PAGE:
The new Army Combat Fitness Test officially became the service’s test of record in October, but lawmakers have ordered a pause on further implementation pending an independent study to determine how it will impact deployed soldiers, recruiting and retention.
Regardless, soldiers are still expected to continue preparing for the six-event ACFT as the Army collects data from practice tests across the force, according to Sgt. 1st Class Will Reinier, a spokesman for Sergeant Major of the Army Michael Grinston.
“ACFT is absolutely still being prepped for,” Reinier said in an email. “[People] must still prepare to pass the test once it’s implemented.”
“The rollout must now include these independent reviews,” he added. “It’s too early to know what impact that would have on the March 22 date.”
Army officials have repeatedly said that soldiers’ ACFT scores aren’t expected to count for the record until March 2022.
The gender-neutral ACFT is relatively more difficult than the test it replaces, with higher failure rates recorded among women. The increased difficultly is often attributed to the ACFT’s emphasis on core and upper body strength through exercises like the deadlift and hanging leg-tuck.
A letter penned by two Democratic senators this fall stated that Army data shows “a consistent” 65 percent failure rate for women and 10 percent failure rate for men. The letter cited a University of Iowa study that showed eliminating the leg-tuck would significantly reduce those failure rates.
“I understand and acknowledge the concerns from across the force regarding the implementation of the ACFT and the provisions included in the FY21 NDAA,” SMA Grinston said in a statement reported by Military.com Wednesday. “The Army is updating physical training programs and will collect more than 1 million ACFT scores to support data-informed decisions.”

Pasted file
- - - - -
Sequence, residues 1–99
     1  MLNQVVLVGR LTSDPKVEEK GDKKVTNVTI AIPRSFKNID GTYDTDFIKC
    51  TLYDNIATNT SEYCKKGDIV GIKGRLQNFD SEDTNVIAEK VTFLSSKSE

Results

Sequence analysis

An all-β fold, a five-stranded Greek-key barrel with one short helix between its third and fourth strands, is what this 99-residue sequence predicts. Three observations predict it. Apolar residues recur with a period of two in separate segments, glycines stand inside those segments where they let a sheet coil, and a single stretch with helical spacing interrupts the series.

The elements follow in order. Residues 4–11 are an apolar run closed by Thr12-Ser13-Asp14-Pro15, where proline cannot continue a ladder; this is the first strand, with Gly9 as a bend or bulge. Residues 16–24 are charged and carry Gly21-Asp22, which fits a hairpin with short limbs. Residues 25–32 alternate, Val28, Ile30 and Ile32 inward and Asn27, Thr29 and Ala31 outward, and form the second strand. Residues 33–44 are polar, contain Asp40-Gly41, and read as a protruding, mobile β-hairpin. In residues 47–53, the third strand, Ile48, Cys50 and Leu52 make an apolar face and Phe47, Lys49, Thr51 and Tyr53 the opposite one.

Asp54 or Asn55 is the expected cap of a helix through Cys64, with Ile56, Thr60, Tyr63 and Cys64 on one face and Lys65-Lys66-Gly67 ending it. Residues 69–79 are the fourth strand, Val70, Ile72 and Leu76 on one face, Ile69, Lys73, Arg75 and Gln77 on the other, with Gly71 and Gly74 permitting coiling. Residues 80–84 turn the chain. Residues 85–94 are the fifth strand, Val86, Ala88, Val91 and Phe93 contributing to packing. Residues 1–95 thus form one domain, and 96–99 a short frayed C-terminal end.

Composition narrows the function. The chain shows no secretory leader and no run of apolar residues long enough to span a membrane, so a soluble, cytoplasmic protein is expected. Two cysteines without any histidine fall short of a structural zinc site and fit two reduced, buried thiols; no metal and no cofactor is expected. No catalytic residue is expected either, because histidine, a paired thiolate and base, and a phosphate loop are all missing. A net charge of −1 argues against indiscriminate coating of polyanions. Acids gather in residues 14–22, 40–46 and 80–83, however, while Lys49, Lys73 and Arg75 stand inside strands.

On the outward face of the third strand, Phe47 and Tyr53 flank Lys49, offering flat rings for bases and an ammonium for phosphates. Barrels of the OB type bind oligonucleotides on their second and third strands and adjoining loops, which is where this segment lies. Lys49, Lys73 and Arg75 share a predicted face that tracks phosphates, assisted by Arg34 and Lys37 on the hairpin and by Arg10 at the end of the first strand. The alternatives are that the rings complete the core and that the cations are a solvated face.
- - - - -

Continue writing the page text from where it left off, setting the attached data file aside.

The ACFT has sparked concern that its stricter requirements could force troops out of the service, take an inordinate amount of time to prepare for and require a burdensome amount of equipment to execute, especially in forward-deployed areas.
A provision in the 2021 National Defense Authorization Act requires an independent study to determine the “extent, if any, to which the test would adversely impact” soldiers “stationed or deployed” to areas that make it difficult to conduct “outdoor physical training on a frequent or sustained basis.”
The provision also asks for the study to determine whether the ACFT “would affect recruitment and retention in critical support military occupational specialties … such as medical personnel.”
Army leaders involved in crafting the ACFT have consistently said that it is a far better gauge of a soldier’s preparation for combat tasks than the older test, which involved only push-ups, sit-ups and a 2-mile run.
“It’s just that there is a great anxiety. The goal is not to kick people out. The goal is to actually make them more healthy and physically fit,” Grinston told Army Times this fall.
The March 2022 date was intended to give soldiers “time to go ahead and see where you’re at, know your deficiencies and correct those and be ready to pass,” Grinston said. “I think that’s more than enough time to be ready.”
Kyle is a staff reporter for Military Times, focusing on the U.S. Army. He served an enlistment as an Air Force Special Tactics CCT and JTAC.